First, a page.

right photos below, youcanusu-
ally skip thelargest bit and start
with asmaller bit. Regardless of
thetypeof carving, theideaisto
remove as much waste as possi-
blebeforegetting too concerned
about refiningthedetails.
..
!Refinement. Flat carvings
benefit from a straight bit to
relieve the pattern .
want to start on a lower speed
when removing alot of material.
Then as you progress through
finer details, you can bump up
thespeed forasmoother finish.
Coarse to Fine. I've already
talked about how thestylus and
bit work together to create a
duplicate carving. Theboxbelow
shows howtoput itintopractice.
As I mentioned, you'll start
with the largest bit and stylus
toremove thebulk of thewaste.
You'll find that your right hand
instinctively guides the stylus
to follow the contours of the
!Freeform Shape.
defining the external shape
(inset photo), flip the workpiece
to complete the interior (above).
26
!Bulk Material Removal. Start with a larger bit
and stylus set low to remove the bulk of the waste
before refining the details.
simple steps for
Carving
There are three basic types of
carvings you can create with
theduplicator. Youseeasimple
relief carving in the main photo
onpage 24.A related type isthe
repeating pattern shown at the
top of theopposite page. A free-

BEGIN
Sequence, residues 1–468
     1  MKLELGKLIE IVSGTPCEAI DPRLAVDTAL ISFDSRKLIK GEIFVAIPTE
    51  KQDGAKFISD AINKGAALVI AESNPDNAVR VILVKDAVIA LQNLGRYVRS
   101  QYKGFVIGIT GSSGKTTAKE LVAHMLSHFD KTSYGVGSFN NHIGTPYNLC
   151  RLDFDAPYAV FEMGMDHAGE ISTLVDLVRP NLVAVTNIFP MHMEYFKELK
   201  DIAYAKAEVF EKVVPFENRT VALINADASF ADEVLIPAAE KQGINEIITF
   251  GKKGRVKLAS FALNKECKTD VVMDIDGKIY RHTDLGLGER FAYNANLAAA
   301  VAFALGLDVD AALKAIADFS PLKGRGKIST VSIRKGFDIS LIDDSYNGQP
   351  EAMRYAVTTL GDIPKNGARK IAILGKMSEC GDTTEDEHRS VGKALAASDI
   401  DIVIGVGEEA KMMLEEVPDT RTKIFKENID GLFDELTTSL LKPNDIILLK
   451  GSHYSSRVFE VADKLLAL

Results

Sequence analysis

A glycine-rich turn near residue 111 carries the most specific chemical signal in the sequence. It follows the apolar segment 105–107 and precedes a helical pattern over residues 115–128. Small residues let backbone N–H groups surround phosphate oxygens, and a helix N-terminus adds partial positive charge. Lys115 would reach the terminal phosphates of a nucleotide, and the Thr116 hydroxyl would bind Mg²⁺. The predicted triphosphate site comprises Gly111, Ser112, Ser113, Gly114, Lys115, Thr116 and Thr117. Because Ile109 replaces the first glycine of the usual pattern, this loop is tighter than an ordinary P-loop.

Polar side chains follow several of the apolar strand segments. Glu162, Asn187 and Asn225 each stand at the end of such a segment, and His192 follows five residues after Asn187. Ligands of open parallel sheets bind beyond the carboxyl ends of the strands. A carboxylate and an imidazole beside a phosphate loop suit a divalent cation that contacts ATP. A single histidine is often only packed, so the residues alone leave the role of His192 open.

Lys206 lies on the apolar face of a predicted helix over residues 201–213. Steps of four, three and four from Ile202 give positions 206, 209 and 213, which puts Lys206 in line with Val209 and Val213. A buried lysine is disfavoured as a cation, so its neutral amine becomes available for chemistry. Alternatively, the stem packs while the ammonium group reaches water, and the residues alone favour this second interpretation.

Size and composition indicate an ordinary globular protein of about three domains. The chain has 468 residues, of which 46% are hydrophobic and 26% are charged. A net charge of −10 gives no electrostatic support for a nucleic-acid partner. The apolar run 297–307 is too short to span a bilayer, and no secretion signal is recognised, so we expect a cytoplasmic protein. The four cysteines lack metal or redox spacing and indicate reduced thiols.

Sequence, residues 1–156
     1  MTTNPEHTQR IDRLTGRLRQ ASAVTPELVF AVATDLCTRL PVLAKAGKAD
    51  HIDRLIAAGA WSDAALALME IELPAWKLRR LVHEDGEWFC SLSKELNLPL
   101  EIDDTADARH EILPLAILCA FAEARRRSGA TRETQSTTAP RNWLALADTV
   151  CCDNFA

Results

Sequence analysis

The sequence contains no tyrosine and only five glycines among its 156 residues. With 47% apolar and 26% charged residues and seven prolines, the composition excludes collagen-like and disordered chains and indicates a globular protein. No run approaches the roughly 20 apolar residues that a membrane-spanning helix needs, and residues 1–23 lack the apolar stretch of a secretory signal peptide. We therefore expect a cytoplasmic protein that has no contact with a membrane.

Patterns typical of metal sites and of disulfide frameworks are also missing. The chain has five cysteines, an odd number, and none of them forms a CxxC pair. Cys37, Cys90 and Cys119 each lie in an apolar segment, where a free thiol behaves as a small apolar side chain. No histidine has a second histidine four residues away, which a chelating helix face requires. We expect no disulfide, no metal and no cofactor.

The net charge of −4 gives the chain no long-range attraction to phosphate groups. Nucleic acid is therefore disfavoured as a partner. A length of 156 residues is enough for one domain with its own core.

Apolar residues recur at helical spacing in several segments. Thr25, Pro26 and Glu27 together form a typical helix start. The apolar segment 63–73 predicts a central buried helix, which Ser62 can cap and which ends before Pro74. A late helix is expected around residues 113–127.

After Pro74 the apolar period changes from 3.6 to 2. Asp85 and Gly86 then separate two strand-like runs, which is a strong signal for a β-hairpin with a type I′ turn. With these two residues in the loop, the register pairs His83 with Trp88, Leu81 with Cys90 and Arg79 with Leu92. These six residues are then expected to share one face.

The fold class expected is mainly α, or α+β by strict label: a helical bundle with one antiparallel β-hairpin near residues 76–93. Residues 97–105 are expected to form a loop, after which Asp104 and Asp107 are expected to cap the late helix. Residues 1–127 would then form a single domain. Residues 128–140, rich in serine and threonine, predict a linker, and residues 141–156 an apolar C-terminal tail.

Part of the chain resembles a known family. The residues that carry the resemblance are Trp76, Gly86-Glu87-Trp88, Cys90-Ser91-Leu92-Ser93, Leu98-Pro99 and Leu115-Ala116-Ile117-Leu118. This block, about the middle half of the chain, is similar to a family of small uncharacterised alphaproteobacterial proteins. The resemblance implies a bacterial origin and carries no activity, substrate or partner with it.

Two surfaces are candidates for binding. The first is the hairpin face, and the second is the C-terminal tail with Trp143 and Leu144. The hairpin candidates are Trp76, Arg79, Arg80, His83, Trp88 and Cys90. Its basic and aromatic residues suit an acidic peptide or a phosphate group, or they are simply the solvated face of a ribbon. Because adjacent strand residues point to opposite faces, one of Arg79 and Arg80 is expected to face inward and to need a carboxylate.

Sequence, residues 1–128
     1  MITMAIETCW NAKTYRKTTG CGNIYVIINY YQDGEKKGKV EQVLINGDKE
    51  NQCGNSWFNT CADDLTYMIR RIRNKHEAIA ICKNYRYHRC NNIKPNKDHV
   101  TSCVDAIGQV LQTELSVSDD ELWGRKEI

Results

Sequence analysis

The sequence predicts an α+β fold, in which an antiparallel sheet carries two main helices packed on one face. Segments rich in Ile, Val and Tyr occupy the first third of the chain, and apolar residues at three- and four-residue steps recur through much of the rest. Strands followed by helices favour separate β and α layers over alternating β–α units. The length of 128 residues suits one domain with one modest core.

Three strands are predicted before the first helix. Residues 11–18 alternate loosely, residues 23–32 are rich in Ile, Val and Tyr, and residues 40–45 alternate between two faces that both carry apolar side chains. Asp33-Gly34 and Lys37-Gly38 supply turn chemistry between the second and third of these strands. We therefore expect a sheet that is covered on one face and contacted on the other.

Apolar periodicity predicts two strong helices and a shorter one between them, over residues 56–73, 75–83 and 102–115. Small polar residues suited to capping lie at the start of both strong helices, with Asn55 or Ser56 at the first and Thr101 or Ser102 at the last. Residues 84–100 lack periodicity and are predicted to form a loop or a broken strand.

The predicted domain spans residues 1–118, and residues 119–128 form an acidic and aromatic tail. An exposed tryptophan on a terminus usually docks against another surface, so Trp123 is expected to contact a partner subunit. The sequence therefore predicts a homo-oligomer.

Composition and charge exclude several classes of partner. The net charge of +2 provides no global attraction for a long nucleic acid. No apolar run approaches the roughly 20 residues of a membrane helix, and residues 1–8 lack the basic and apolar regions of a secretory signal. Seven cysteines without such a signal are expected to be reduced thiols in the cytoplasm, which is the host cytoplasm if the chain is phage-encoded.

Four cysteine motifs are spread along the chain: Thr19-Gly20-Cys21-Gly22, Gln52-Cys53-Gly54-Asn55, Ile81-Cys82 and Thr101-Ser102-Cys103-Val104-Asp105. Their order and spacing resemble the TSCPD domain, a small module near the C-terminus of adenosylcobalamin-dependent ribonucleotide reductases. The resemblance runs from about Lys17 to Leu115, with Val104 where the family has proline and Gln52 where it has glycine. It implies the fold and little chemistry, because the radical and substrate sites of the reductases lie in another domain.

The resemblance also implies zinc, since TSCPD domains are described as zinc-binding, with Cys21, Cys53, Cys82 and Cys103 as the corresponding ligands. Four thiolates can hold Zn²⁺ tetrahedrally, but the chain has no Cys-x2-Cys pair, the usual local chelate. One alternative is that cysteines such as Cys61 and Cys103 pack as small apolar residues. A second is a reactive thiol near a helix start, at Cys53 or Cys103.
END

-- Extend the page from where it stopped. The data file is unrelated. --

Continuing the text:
form shape, like the bowl
ontheright, isthethird
type. Theonly real
limitations are
your imagina-
tion and the
, cutting depth
of the router
bit. Regardless
of thetypeof carv-
ing, thebasicprocess isthesame.
A Balanced Touch. Thecarv-
ingprocess takestimeand alittle
patience. Itdoesn't pay to be in
a hurry. The goal is to maintain
control without trying toremove
toomuchmaterial all at once.
Thebalance of the router and
stylusarekeytoavoiding fatigue.
Itshould require little effort to
lower the stylus and guide it
over theoriginal piece. Youcan
adjust thecounterweight tofine-
tunethebalancebeforestarting.
Router Speed. Ifyou're using
a variable-speed router, you'll
!A Duplicate.
Creating free-form
shapes is easy
to do with a few
simple steps.
carving
Techniques
27
.. Indexing. Index marks along the edge of the
workpiece can help you accurately loca{e and
space each repeating pattern.
.. An Original.
Scroll-sawn
pieces glued to
a blank create an
original pattern to
be carved.
process for each sub-
sequent section.
Finishing Touches.
After carving, you
have a couple of options. To
remove the "fuzzies" left from
routing, I find that a detail flap
sander on a rotary tool does a
great job, as in the left photo
below. It cleans up the carving
without rounding over crisp
edges. Tocreatemoreof ahand-
carved look, you can use your
carving tools to refine details
(right photo below).
Endless Variety. AsI said, the